The official journal of
EUROPAD - European Opiate Addiction Treatment Association
WFTOD - World Federation for the Treatment of Opioid Dependence
Editor: Icro Maremmani, MD - Pisa, Italy, EU
Associate Editors:
Thomas Clausen, MD - Oslo, Norway
Pier Paolo Pani, MD - Cagliari, Italy, EU
Marta Torrens, MD - Barcelona, Spain, EU
Statistical Editor:
Mario Miccoli, PhD - Pisa, Italy, EU

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Heroin Addiction and Related Clinical Problems: 2023, 25, N6 (pages: 29 - 41)

Comparing the Effectiveness of Emotion-focused Therapy and Schema Therapy in Impulsivity, Shame, and Self-blame in Addicts on Methadone Maintenance Treatment: A Clinical Trial Study

Salasi B., Ramezani M.A., Jahan F., and Kordbagheri M.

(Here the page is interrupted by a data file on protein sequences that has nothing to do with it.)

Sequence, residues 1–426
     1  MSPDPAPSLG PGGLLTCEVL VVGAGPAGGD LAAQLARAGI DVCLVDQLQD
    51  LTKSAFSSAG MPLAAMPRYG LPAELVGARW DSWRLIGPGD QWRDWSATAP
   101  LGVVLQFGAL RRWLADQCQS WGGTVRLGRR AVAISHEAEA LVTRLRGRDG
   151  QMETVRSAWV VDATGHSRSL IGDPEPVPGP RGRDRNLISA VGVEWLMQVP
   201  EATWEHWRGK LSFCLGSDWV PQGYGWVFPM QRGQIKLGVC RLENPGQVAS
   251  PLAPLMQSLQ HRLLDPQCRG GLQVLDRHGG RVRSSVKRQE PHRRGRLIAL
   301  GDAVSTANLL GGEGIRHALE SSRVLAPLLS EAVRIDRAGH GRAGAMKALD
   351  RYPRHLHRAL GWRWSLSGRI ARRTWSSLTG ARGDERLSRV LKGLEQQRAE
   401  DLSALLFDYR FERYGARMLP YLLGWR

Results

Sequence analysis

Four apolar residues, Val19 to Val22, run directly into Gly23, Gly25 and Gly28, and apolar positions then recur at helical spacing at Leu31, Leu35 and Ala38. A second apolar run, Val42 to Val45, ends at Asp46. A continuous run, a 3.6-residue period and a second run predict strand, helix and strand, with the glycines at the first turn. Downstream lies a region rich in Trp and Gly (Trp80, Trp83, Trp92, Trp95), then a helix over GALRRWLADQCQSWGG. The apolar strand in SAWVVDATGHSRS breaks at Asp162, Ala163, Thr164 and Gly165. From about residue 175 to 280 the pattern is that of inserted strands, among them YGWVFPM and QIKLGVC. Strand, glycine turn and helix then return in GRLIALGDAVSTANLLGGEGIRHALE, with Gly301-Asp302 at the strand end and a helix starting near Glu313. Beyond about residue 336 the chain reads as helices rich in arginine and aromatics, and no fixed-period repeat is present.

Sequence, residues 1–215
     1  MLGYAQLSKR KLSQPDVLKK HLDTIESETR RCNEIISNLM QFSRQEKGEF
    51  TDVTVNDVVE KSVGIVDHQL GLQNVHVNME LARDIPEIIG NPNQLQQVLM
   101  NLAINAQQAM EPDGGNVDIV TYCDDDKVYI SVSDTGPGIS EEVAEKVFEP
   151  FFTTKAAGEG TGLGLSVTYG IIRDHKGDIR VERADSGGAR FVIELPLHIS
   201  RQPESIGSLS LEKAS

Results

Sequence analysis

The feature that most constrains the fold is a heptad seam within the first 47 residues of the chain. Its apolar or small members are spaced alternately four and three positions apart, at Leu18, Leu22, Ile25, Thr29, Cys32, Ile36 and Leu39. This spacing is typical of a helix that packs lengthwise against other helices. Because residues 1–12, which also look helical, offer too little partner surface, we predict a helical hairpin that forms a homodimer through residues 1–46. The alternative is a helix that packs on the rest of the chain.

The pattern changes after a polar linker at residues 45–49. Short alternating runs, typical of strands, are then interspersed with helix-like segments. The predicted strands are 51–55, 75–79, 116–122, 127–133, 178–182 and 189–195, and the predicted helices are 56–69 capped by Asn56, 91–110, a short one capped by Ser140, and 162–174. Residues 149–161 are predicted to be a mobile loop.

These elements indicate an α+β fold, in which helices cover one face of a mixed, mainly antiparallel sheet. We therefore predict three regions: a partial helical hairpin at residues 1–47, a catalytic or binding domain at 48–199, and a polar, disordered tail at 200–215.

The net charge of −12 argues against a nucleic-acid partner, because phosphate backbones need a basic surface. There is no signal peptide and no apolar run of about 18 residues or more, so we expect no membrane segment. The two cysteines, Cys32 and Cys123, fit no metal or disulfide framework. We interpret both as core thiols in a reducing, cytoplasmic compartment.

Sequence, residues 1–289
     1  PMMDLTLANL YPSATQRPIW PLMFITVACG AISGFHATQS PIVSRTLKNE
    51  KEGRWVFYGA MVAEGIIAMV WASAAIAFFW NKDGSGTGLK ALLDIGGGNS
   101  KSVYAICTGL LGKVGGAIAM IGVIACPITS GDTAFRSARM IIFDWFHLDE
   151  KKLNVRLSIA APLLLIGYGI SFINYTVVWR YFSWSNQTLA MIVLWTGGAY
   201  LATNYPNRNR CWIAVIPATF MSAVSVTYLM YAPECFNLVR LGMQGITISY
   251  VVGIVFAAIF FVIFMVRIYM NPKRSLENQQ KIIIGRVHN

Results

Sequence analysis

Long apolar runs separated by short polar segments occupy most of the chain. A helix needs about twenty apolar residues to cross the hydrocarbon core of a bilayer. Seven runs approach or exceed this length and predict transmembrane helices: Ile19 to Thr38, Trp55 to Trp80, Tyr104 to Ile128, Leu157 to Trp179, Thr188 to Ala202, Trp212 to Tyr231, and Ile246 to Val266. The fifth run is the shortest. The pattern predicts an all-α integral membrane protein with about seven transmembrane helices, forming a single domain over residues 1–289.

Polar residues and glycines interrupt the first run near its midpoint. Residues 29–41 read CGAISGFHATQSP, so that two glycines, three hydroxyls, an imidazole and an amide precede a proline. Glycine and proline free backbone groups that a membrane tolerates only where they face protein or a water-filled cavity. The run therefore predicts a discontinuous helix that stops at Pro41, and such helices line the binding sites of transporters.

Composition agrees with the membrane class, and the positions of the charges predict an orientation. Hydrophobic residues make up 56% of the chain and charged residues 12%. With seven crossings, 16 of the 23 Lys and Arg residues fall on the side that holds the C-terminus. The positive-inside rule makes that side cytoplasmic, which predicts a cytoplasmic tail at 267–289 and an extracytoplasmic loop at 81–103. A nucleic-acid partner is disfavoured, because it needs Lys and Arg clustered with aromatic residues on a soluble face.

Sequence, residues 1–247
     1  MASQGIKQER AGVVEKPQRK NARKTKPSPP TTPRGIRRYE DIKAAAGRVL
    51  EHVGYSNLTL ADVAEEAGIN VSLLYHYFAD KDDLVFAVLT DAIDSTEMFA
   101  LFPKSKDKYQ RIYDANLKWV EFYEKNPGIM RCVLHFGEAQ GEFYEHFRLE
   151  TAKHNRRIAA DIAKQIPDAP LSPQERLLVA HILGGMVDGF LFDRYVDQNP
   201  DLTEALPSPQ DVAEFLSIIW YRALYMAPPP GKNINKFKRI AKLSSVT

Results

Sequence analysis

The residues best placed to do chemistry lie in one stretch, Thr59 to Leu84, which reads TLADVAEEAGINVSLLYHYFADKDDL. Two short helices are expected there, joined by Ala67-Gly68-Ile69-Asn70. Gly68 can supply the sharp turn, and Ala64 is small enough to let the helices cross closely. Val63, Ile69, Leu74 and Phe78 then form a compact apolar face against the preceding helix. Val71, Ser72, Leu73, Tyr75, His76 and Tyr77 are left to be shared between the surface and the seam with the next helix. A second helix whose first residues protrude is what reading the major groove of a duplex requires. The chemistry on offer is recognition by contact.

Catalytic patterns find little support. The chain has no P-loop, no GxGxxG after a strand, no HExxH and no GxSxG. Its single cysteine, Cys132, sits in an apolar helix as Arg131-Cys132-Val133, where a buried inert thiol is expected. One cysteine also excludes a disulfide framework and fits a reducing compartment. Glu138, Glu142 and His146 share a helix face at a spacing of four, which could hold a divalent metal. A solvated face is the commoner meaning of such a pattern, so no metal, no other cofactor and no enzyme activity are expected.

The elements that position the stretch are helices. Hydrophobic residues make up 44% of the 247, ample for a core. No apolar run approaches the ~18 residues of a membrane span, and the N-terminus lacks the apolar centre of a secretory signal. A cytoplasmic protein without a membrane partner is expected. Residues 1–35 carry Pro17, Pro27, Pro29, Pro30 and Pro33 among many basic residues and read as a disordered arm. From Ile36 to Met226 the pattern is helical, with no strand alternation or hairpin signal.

Summary: Background. Methadone maintenance treatment is a promising intervention for opioid addicts. Therefore, it is necessary to measure and compare the efficiency of evidence-based psychological interventions regarding psychological components affecting the mental health of addicts. Aim. The present research aimed to compare the effectiveness of Emotion-focused Therapy (EFT) and Schema Therapy (SCT) in impulsivity, shame, and self-blame of addicts on methadone maintenance treatment. Methods. The present semi-experimental study used a comparison group with random assignment, pre-test/post-test design, and a three-month follow-up. Fifty-four patients were selected purposefully and randomly assigned to three groups. Forty-five participants fully responded to all tools until the follow-up stage. The SCT and EFT groups received intervention for 12 sessions each, and the control group continued to take the typical dose of methadone without receiving the psychological intervention. The repeated measure analysis of variance (ANOVA) was used with SPSS26 to analyse the data. Results. The SCT and EFT methods were effective on impulsivity, shame, and self-blame and their components in addicts on methadone maintenance treatment, and this effect remained over time (p<0.05). Nevertheless, SCT was more effective than EFT on the self-confidence component in the self-blame variable and the cognitive component in the impulsivity variable (p<0.05). On the other hand, the effectiveness on the self-efficacy variable was higher than that of SCT, and the results remained until the end of the follow-up period (p<0.05). Conclusions. Although both treatments had similar effectiveness implicitly, SCT is a more appropriate option to improve the cognitive component of impulsivity and self-confidence.


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